These two cuties will have your audience joining in with their game, be prepared for teeth showing and roaring (or possibly squeaking).IMG_1838

Check out Mo and Beau at Auckland Libraries.

Or buy Mo and Beau from Fishpond.

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Pom Pom gets the grumps by Sophy Henn (2015)

[Published by Puffin Books]

pompomCome closer everyone, I’m trying to keep my voice to a whisper, because I’ve got a serious question to ask and I really don’t want Pom Pom to hear me. Is it just me, or is a grumpy panda one of the cutest things you’ve ever seen?

Okay, normal transmission again… there’s nothing worse than not being taken seriously when you’re in a foul mood. Poor Pom Pom is having one of those days. His blanky is missing, his little brother has commandeered his favourite toy, and his mother is singing terrible songs during breakfast. Everything, and I mean everything, is awful. In the playground, Pom Pom finally snaps.

“GO AWAY!” yelled Pom Pom. And they did. “oh.” Pom Pom didn’t feel like shouting any more. He felt IMG_1889sad. And a bit silly.” Luckily, he’s willing to admit when he’s being a dork, and life gets fun again – mostly.

The illustrations in this story are magic. Pom Pom’s frown lines deserve a round of applause all on their own. Its perfect for reading to a grumpy small person, or if you have a few of your own harrumphs you need to get out of the system. You won’t stay grumpy for long with this delicious panda in your life.

Check out Pom Pom gets the grumps at Auckland Libraries.

Or buy Pom Pom Gets the Grumps from Fishpond.

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There’s a bear on my chair by Ross Collins (2015)

[Published by Nosy Crow]

bear

We have a new contender for the position of rhyme-minister. Way back in September, Juliette MacIver set the bar pretty high with her picture book, The Moose and the Goose, featuring 25 words that rhymed with moose (I will admit to being pretty generous with my definition of the word “rhyme”).

With much anticipation today I am going to see if Ross Collins has created a new winner with There’s a bear on my chair. Here goes…

bear, chair, share, spare, pair, glare, unaware, there, flair, leisurewear, hair, pear, lair, scare, underwear, care, rare, aware, declare, despair, fair, where.20150630_102153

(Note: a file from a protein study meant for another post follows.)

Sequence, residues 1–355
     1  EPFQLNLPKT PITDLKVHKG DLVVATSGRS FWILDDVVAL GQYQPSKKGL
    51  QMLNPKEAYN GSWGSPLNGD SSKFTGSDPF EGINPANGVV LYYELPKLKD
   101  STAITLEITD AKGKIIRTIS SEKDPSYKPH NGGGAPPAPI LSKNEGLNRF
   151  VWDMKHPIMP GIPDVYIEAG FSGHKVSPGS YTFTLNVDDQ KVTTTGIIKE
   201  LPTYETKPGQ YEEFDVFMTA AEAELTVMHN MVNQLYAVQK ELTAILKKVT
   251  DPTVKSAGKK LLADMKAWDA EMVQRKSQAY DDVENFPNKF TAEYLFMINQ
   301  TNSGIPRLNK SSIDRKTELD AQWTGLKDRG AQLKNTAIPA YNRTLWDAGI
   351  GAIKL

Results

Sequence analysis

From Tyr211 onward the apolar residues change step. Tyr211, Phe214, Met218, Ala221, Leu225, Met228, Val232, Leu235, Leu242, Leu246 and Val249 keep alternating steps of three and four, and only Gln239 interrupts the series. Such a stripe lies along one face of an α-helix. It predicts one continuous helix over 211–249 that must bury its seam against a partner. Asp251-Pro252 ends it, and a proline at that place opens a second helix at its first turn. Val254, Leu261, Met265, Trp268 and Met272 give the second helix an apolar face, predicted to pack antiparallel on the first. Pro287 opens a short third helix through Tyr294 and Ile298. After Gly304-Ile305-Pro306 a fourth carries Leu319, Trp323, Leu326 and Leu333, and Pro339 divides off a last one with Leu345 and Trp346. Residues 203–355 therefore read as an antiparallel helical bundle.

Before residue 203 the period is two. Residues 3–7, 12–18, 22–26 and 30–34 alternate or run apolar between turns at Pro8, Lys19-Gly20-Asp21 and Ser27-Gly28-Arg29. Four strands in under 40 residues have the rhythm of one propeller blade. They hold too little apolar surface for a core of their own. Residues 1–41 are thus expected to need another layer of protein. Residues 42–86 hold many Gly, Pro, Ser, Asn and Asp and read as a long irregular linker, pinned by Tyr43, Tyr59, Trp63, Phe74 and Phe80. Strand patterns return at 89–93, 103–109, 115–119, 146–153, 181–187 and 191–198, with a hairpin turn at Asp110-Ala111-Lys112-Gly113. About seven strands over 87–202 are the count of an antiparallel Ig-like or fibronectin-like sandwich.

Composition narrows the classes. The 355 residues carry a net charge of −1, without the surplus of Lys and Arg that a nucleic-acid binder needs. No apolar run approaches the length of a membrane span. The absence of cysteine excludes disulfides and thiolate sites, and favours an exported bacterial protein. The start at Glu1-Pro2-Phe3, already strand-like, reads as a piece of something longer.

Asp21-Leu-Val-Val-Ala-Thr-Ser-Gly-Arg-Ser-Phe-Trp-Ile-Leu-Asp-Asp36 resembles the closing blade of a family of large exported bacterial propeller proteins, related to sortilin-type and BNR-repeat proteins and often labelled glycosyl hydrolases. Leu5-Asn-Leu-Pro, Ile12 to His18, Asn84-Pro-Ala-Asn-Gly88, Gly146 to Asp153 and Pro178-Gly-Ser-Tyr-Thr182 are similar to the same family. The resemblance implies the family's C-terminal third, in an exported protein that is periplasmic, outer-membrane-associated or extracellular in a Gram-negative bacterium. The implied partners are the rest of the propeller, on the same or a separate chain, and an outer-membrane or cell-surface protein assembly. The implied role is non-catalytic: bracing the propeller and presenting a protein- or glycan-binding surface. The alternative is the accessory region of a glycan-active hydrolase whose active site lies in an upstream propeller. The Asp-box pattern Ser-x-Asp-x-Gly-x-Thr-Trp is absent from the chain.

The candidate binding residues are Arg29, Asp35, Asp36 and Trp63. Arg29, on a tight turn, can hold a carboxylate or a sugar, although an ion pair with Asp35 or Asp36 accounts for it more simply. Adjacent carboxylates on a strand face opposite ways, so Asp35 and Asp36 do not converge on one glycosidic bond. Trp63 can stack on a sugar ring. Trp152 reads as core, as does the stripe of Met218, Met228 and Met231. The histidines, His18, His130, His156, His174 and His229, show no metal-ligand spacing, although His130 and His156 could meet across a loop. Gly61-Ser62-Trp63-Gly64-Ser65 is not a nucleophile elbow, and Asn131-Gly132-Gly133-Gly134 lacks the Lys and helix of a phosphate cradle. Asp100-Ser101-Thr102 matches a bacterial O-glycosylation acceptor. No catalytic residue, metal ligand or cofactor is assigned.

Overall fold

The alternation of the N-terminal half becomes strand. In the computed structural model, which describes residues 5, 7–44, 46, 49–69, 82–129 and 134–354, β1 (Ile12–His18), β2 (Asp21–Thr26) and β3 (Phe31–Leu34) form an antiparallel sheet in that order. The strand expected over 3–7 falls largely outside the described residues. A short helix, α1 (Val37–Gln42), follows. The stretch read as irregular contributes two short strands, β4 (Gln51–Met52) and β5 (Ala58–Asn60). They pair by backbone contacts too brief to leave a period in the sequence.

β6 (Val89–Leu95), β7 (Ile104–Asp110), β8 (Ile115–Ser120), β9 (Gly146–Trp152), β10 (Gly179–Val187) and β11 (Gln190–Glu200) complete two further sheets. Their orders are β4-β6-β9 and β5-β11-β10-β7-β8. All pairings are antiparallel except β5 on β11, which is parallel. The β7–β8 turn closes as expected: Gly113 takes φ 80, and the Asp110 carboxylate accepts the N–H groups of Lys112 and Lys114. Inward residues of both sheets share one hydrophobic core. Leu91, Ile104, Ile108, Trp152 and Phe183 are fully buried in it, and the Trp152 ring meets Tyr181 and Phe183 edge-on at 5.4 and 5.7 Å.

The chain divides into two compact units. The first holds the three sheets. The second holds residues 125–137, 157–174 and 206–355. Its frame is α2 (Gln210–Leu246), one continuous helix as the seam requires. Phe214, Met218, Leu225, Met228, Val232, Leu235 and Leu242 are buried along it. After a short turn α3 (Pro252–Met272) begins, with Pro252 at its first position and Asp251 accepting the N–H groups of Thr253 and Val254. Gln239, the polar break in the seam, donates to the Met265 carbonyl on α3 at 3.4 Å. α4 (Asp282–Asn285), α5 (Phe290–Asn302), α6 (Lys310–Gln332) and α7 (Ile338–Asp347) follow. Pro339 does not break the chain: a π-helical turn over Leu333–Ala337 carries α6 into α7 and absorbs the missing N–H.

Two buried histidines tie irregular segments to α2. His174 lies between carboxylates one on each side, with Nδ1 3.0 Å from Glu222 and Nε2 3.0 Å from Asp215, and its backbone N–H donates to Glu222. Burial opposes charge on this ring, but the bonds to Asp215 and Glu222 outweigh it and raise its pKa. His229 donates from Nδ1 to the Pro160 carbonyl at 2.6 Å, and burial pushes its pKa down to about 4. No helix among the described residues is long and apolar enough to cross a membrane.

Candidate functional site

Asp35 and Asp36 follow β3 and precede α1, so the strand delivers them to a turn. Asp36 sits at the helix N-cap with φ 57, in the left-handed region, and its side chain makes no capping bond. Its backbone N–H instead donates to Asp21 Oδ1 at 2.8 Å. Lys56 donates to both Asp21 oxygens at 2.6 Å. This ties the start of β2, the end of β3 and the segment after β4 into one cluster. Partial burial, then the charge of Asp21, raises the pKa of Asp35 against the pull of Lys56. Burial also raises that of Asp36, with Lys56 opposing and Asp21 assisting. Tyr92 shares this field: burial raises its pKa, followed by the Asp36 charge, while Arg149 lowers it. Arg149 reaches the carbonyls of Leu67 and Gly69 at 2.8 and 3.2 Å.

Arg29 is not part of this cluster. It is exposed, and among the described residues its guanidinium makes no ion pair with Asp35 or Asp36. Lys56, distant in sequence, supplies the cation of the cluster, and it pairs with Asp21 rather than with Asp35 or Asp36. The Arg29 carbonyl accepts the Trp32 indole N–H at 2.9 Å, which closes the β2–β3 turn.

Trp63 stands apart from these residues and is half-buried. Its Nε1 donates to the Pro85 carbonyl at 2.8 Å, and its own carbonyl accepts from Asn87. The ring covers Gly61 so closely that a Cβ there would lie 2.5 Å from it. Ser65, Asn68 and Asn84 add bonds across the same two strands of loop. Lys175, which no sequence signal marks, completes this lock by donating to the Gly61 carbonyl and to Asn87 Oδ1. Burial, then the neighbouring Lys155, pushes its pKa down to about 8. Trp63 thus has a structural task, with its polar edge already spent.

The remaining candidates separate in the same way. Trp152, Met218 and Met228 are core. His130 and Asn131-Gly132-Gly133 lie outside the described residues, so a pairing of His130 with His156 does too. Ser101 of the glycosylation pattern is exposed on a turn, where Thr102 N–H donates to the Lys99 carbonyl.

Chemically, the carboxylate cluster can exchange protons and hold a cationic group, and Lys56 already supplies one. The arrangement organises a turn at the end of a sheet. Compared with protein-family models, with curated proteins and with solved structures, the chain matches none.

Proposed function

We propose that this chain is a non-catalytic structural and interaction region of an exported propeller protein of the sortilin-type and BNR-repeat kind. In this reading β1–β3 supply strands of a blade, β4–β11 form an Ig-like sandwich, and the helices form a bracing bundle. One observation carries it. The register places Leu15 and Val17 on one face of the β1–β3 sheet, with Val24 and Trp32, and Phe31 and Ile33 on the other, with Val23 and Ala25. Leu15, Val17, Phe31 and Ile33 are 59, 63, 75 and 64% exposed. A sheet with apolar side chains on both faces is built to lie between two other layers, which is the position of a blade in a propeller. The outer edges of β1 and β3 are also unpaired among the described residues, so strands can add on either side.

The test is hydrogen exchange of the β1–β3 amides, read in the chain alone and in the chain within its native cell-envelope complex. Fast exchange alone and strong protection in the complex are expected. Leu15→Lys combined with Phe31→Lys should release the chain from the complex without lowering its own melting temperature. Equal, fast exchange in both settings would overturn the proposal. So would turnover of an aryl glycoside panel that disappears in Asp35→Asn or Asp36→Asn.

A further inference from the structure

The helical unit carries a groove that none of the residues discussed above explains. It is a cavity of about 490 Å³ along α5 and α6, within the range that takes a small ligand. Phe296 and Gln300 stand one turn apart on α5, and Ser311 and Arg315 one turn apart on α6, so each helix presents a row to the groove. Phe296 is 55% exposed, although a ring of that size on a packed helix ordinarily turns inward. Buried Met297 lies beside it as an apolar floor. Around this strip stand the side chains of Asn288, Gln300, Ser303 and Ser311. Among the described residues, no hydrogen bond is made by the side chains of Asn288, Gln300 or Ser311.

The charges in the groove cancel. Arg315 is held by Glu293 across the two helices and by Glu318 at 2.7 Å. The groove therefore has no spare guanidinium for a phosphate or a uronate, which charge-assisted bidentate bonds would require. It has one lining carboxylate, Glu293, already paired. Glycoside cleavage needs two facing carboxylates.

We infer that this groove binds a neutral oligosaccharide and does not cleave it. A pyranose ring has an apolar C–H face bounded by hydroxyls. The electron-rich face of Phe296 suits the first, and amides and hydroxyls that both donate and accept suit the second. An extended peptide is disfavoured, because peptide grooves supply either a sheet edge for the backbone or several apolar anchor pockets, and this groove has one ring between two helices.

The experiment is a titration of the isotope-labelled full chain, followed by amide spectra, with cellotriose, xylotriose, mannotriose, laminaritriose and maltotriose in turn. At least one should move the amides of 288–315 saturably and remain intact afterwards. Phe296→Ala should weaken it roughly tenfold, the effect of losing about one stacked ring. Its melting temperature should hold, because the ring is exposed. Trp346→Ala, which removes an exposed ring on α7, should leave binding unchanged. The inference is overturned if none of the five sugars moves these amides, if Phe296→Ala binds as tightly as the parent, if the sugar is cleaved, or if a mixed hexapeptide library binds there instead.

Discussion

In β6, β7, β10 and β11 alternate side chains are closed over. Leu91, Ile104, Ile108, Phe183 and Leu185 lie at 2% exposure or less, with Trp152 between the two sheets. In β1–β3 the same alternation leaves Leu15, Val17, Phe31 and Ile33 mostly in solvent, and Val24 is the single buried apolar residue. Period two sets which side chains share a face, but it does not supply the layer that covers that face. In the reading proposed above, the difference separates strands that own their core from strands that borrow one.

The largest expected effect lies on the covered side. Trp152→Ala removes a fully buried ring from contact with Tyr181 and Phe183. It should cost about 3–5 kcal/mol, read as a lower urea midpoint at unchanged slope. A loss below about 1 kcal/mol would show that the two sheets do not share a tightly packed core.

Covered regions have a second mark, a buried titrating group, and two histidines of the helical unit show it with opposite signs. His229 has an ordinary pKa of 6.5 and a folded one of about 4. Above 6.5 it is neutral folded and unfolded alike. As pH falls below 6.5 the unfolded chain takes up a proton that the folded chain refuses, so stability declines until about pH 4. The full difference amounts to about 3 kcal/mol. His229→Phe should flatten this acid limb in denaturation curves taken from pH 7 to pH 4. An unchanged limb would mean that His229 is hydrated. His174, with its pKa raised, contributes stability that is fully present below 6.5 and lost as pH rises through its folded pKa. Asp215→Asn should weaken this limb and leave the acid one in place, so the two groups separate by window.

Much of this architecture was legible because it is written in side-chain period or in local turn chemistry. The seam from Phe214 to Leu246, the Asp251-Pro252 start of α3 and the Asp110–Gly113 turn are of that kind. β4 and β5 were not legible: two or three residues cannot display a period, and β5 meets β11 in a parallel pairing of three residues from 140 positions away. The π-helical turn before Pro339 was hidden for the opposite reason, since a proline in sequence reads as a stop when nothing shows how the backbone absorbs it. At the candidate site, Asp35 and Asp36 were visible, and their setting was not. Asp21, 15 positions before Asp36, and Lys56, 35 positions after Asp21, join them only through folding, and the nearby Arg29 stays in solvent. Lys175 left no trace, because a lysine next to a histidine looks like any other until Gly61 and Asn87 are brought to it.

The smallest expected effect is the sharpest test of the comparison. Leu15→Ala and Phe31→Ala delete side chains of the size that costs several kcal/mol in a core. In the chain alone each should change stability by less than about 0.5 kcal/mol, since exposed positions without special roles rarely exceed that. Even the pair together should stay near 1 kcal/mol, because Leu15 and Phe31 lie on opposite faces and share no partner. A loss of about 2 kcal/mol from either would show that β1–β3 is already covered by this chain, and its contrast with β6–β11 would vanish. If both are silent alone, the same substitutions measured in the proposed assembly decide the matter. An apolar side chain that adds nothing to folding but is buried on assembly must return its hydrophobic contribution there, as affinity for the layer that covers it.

So close Ross, so close.

That list of rhyming words makes an intriguing review all on its own, so I guess my job is done for the day. See you all tomorrow.

Check out There’s a bear on my chair at Auckland Libraries.

Or buy There’s a Bear on My Chair from Fishpond.

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Blog posting extravaganza by Room 20

Look out world, it’s a blog takeover! The students of room 20 have risen to my challenge and have written a series of delightful picture book reviews. Room 20 consists of 59 (mostly) lovely students aged between nine and eleven. It means I get to put my feet up for a few days, thanks team!

All monkeys love bananas by Sean E Avery (2012)

[Published by Fremantle Press]20150624_103827

This book is suitable for under 7-year-olds. It has spectacular rhymes. It is hilarious, with crazy monkeys and crazy rabbits. This is amazing for your kids to get a bit of a laugh, and have fun!

By Anthony and Kosten

Check out All monkeys love bananas at Auckland Libraries.

Or buy from All Monkeys Love Bananas Fishpond.

Outside by Libby Hathorn; illustrated by Ritva Voutila (2014)

[Published by Little Hare]20150624_103659

This book is perfect for kids who absolutely love rhymes. There are very creative pictures which you can not stop staring at!

This book is about a boy who explores outside with breathtaking nature.

By Kayah and Malia.

Check out Outside from Auckland Libraries.

Or buy Outside from Fishpond.

Superkid by Claire Freedman; illustrated by Sarah McIntyre (2013)

20150624_101923

[Published by Scholastic]

This is a very interesting book, it’s a lot of fun and so so so funny. Any aged human being would like it but probably not adults.

It’s a lot better when you read it in a weird voice. It’s very colourful and interesting.

By Ubaidah and Sameer.

Check out Superkid at Auckland Libraries.

Or buy Superkid from Fishpond.